As far as that powerpop tag — Kurt cites Pete Townshend’s “three-minute single on steroids” description – the Grip Weeds have always been about more than just that style. “On this album in particular, we really cover a really wide range.” The band strives to follow their own path, hoping that in being true to themselves, they’ll create something that resonates with listeners.

To that end, the Grip Weeds don’t record a lot of covers. That makes Strange Change Machine’s cover of Todd Rundgren’s “Hello It’s Me” even more notable. Close to a note-for-note creation, the song makes one important departure: Kristin Pinnell’s guitar takes the place of Something/Anything’s horn charts. “We were asked to cover the song by Pat DiNizio of the Smithereens,” Kurt explains. “He was doing a show about baseball for ESPN, called Seventh Inning Stretch.” Part of that program would feature Todd’s sons Rex and Randy, minor-league baseball players. DiNizio wanted the song for background ambience but the budget didn’t cover licensing fees. So the Grip Weeds re-recorded it. While the goal was to hew closely to the original, the session provided an opportunity to chance a few things they didn’t like. For example, Kurt says that he’s “not a big fan of the chick singers” on Todd’s version. He also could do without the sax and other jazzy elements. The resulting Grip Weeds track has it both ways: true to the original, yet with an indelible Grip Weeds stamp.

“What wound up happening,” Kurt notes, “is that the segment got cut from the show!” Again, the double-album format came to the rescue: this band that “didn’t do covers” could now reasonably include one on an album.

At the time of this writing, the Grip Weeds’ web site and Facebook page do not list any upcoming shows. “It costs a lot of money to go out and play out of town,” Kurt admits. “But it is really hard right now, with gas prices, and with the uncertainty of knowing how many people you’re going to draw.” He says that the band’s “days of sleeping on the floor, traveling around in a van and living on ramen noodles” are pretty well behind them. Still, he says, “If there’s a good opportunity, we’re there.”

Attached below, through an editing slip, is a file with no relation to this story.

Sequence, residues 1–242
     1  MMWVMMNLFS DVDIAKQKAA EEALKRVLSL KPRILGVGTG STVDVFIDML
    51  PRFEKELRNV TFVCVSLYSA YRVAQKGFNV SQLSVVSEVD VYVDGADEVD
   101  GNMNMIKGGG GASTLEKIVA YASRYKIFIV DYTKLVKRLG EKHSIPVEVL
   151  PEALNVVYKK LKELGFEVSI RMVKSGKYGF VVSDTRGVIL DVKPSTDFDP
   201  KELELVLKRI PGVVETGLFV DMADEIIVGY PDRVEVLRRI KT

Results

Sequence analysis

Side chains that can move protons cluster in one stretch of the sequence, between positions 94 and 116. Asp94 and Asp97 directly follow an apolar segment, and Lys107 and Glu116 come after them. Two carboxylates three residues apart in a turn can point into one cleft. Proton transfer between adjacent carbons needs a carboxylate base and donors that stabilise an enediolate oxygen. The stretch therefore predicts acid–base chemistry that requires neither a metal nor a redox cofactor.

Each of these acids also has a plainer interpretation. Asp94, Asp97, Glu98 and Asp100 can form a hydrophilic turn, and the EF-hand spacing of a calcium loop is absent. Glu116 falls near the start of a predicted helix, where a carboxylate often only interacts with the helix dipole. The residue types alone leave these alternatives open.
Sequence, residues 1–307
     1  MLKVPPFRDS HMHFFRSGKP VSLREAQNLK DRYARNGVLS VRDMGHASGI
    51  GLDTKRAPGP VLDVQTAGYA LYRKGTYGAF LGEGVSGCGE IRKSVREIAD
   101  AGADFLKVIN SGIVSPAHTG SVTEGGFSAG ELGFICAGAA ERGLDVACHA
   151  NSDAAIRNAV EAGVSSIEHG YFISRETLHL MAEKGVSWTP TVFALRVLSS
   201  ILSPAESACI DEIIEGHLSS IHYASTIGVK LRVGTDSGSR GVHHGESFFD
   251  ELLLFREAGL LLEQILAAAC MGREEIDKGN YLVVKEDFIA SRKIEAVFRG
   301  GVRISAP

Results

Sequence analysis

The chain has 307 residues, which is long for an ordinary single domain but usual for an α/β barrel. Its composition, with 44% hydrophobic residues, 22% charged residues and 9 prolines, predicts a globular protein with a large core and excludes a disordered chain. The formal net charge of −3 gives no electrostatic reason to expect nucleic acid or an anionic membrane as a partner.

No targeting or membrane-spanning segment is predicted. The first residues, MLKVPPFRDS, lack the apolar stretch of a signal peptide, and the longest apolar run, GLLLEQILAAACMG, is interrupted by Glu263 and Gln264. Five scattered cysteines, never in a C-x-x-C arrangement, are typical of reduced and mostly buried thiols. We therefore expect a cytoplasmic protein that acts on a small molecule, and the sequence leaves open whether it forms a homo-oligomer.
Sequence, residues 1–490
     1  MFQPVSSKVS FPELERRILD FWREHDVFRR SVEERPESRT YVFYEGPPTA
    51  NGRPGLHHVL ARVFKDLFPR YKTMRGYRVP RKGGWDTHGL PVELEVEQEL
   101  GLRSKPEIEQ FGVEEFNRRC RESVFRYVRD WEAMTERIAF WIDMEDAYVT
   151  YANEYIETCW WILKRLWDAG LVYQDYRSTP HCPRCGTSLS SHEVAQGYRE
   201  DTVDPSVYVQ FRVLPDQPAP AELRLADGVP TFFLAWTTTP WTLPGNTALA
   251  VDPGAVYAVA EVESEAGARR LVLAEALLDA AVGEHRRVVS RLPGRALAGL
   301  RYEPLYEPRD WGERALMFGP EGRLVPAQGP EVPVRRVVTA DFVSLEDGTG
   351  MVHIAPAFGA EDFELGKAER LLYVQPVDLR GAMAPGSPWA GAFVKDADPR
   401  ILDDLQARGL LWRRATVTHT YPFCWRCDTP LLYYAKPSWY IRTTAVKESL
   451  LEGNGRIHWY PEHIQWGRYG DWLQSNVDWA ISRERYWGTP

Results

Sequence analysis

At the moment the band is busy putting the finishing touches on two other projects. “We have a live record in the can right now,” Kurt says. That CD+DVD package is slated for release in early 2012. “This live album is designed to give people a taste of what we’re like live. And a Christmas-themed Grip Weeds album will be out in time for the holidays.  “We recorded a Christmas song in 2006, and we had good success with that,” Kurt says. “Every year it comes back. And we wanted to do more. Eventually realized we could do a whole album, between originals and covers.” That project will feature special guests including The Smithereens, former Paul Revere and the Raiders lead singer Mark Lindsay, and members of the Anderson Council.

“Once we’re done with [those projects], we’re going to start on our next new album,” Kurt says. “We had about half a dozen songs left over from Strange Change Machine, so we’ll pick up from there.” If past is any indication, expect that record – no release date set — to be another essential purchase.

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CD Review: The Modulators – Tomorrow’s Coming

Thursday, September 29th, 2011

There’s a particular sonic quality peculiar to the first half of the 1990s. If you were a local or regional band on a limited budget, and you went into a studio, there was a certain sound you got. I can’t quite put my finger on it, but I know that sound well.

The band I played in 1984-86, we did mostly covers (the “letter” bands: XTC, REM, INXS, U2…you get the idea). But our guitarists wrote some pretty sturdy original tunes, and we went into a studio a couple times to cut those tracks. And it didn’t matter whether it was a big “name” studio – in our case, Axis Sound in Atlanta, where Sting cut his Brimstone and Treacle soundtrack numbers) – or a one-man operation way out in the exurbs. In both cases we got that sound. Maybe it was the heavy compression; maybe it was the way the drums were mic’d. But whatever it was, that ineffable quality imbued the tracks, and listening to them now, a reasonably informed listener would sit up straight and yell, “nineteen eighty-two!”

Which, finally, brings me to Kool Kat Musik’s reissue of a little-known record from 1984 called Tomorrow’s Coming by The Modulators. When I popped the CD into my player, I was instantly transported back to those days. The Modulators had a sound that recalls a bunch of bands I really liked at the time; some you’ll know, some you won’t: The Killer Whales, Uncle Green, The Surf, The Producers, The Raves.

As was the style of the time, The Modulators focused on writing actual songs. There was a level of quality control assumed on all tracks: there were, simply put, rules. You had to have a hook in every song; more than one hook was preferable. The vocals were mixed out front, and you sang in a way that people could understand the words (the influence of REM notwithstanding).

It must be said: a couple of lousy rules were in effect as well. Your drummer’s snare had to be run through some board effects that evoked Phil Collins’ solo work. Overall, reverb was pretty much a no-no, unless applied solely to the lead guitar; the goal was a dry, sorta-boxy aesthetic. Taking a small bit of influence from punk/new wave, in no case should your mix have a wide-open, expansive, arena-filling feel. And as mentioned earlier, the engineer had to compress the living daylights out of the finished product.